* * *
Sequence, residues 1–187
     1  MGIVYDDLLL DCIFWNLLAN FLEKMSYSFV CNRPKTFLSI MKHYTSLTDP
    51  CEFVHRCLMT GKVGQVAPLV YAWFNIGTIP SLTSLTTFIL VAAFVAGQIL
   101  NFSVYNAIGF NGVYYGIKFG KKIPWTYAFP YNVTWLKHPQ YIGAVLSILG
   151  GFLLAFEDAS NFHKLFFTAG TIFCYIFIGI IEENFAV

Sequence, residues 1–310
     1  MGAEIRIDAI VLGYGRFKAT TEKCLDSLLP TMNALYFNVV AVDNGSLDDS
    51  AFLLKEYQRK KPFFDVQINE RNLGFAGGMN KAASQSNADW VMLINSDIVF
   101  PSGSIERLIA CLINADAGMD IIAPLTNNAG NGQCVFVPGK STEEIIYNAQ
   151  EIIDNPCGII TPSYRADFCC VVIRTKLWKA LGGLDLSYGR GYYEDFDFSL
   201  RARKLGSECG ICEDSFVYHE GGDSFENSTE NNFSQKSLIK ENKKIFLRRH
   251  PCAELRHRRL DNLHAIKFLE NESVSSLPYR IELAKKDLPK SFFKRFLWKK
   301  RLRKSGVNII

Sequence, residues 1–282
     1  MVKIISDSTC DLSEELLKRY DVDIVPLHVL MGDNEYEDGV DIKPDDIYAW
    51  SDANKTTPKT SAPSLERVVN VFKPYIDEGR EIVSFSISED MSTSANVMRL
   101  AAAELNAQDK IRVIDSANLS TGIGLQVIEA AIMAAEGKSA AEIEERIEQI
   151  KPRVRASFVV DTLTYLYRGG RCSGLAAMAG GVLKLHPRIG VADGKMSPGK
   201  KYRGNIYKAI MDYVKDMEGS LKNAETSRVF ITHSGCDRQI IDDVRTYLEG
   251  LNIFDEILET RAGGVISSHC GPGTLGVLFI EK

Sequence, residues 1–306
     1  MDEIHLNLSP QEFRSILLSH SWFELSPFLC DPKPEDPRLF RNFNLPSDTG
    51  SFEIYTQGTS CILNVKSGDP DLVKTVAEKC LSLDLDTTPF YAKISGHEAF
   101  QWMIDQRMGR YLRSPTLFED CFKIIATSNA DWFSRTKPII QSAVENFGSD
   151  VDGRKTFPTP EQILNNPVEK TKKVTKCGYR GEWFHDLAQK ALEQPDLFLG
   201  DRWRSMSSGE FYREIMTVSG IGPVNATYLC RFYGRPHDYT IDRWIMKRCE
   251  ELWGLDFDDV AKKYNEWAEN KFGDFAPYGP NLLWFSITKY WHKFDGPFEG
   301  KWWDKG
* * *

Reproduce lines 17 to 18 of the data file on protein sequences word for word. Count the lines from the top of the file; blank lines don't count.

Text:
   101  AAAELNAQDK IRVIDSANLS TGIGLQVIEA AIMAAEGKSA AEIEERIEQI
   151  KPRVRASFVV DTLTYLYRGG RCSGLAAMAG GVLKLHPRIG VADGKMSPGK